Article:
Regular members of the GRSNC
Founded by Professor Yoshua Bengio, Mila rallies researchers specializing in the field of deep learning. Recognized globally for its significant contributions to the field of deep learning, Mila has distinguished itself in the areas of language modelling, machine translation, object recognition and generative models.
Dr. Blunck's laboratory investigates structure-function relations of voltage-gated ion channels and their role in memory and learning using fluorescence spectroscopy that visualizes protein movement.
Dr. Cisek’s lab studies how the brain makes decisions between different actions as we interact with our world.
The NeuroPoly lab is developing new technologies in quantitative MRI applied to neuroscience (functional MRI, microstructure MRI, etc.)
In our laboratory we are interested how the primary and premotor cortices control movements and how they interact with each other. We also study their reorganization following stroke. Finally, we develop methods to manipulate or shape the plasticity in order to maximize the recovery.
The D’Avanzo lab is examining the regulation of neuronal HCN channels by membrane lipids, cannabinoids, and other proteins.
The Drouin-Ouellet lab generates brain cells from skin cells of Parkinson’s Disease patients to understand the underlying mechanisms of the disease and develop new therapies.
Our research is aimed at shedding light on the neural mechanisms responsible for controlling rhythmic motor activities such as locomotion and respiration.
Dr. Girouard's team is interested in the mechanisms regulating cerebral blood flow in health or models of cardiovascular and / or neurodegenerative pathologies such as Alzheimer's disease.
Dr. Green's lab investigates how multisensory signals are integrated to create estimates of our motion and orientation in space and how we use these estimates to plan and execute motor actions in different behavioural contexts.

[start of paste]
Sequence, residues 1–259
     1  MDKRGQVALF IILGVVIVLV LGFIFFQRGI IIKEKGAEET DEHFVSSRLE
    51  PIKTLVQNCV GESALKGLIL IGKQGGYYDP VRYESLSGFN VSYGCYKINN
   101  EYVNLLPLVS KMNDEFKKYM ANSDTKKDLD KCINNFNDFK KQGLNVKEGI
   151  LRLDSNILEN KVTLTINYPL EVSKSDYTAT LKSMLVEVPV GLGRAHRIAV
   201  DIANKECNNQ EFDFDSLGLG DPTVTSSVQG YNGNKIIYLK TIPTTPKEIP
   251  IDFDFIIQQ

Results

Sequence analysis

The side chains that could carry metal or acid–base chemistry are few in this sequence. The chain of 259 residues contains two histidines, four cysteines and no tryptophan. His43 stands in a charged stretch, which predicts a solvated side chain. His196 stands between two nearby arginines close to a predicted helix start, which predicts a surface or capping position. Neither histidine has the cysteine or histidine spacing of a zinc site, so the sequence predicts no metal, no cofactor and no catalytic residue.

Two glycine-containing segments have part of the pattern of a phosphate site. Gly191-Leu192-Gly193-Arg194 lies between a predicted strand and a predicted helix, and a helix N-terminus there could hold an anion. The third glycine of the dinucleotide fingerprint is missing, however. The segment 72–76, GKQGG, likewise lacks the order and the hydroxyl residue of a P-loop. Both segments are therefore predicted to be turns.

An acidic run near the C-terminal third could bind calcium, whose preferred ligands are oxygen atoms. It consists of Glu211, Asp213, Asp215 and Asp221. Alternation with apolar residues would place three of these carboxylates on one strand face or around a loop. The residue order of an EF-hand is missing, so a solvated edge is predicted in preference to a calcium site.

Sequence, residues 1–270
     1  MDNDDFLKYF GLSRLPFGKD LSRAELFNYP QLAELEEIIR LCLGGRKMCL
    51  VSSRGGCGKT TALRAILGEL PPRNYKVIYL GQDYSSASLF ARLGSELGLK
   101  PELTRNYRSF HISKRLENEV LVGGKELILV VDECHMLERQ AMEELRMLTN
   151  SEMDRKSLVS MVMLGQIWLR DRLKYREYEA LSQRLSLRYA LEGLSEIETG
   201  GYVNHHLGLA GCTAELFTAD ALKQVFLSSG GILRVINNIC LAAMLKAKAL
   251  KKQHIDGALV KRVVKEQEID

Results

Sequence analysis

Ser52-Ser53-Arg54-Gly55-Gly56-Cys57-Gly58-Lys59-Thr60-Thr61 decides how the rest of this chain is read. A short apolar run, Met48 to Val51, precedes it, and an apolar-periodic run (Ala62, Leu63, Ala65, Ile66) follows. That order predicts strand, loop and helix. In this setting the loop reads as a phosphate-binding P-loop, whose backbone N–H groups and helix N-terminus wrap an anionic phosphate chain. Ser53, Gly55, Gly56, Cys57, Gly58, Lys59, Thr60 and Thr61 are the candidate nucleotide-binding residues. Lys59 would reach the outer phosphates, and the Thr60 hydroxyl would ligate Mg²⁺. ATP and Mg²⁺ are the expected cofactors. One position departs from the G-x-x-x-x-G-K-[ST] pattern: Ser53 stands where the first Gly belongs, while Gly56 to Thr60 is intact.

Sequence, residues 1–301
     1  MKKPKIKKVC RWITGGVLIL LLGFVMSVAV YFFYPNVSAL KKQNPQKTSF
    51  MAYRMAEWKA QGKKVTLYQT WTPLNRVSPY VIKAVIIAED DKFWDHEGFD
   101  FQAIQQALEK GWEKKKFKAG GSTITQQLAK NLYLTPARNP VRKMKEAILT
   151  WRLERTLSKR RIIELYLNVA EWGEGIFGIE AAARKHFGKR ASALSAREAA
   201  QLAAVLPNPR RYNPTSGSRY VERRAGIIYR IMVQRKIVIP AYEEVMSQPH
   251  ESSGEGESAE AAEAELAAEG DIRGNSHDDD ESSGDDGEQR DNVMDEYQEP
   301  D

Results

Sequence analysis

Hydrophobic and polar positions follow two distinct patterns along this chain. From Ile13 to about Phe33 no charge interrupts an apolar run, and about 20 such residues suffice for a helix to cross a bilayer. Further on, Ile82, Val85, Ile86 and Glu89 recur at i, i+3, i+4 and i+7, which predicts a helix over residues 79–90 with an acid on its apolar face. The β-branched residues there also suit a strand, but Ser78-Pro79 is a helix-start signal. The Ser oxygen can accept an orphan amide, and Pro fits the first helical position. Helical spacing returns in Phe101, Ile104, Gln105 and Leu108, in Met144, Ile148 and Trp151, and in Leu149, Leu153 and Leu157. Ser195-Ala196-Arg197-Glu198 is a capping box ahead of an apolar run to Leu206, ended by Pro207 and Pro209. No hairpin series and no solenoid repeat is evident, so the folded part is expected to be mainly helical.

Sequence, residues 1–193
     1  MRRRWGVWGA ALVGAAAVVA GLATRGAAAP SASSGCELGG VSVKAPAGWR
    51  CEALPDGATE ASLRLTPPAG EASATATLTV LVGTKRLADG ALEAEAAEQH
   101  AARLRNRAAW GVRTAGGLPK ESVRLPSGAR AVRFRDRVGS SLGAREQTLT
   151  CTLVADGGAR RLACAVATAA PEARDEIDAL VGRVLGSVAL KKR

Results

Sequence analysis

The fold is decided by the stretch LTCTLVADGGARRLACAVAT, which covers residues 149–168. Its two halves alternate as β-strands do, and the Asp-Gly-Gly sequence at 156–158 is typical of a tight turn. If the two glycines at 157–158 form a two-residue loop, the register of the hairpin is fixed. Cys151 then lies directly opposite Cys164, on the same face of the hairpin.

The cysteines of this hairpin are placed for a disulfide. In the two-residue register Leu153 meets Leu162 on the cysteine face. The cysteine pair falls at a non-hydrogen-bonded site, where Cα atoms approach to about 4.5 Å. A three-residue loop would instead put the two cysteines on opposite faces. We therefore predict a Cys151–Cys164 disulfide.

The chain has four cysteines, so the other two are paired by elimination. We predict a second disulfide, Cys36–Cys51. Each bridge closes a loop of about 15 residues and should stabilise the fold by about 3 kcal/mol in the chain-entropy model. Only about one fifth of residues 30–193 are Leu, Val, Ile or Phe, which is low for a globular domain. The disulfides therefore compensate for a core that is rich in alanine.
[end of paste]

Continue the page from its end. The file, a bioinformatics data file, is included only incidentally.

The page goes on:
The laboratory of Arlette Kolta aims at defining the contribution of astrocytes to neuronal computations performed by cortical (in relation to vision) and brainstem sensorimotor (in relation to pain and to rhythmic movements) circuits.
The Legault laboratory investigates the structure-fonction relationship of RNA and RNA-protein interactions. As part of her research project on microRNA maturation, she aims to better understand the mechanisms that regulate the levels of specific microRNAs associated with Parkinson's disease.
The Martinez lab investigates the neural mechanisms of motor recovery in animal models of spinal cord injury. We also develop rehabilitation strategies, including neuroprostheses for locomotor control.
The main interest of Dr. Robitaille’s laboratory is to study the roles of glial cells in the regulation of normal synaptic functions and neuronal network and in a disease context such as amyotrophic lateral sclerosis.
Dr. Anne-Noël Samaha’s laboratory studies drug addiction, motivation and the pursuit of rewards.
The Trudeau lab is interested in the functioning of dopamine neurons in the brain, and in particular in their connectivity and their dysfunction in Parkinson’s disease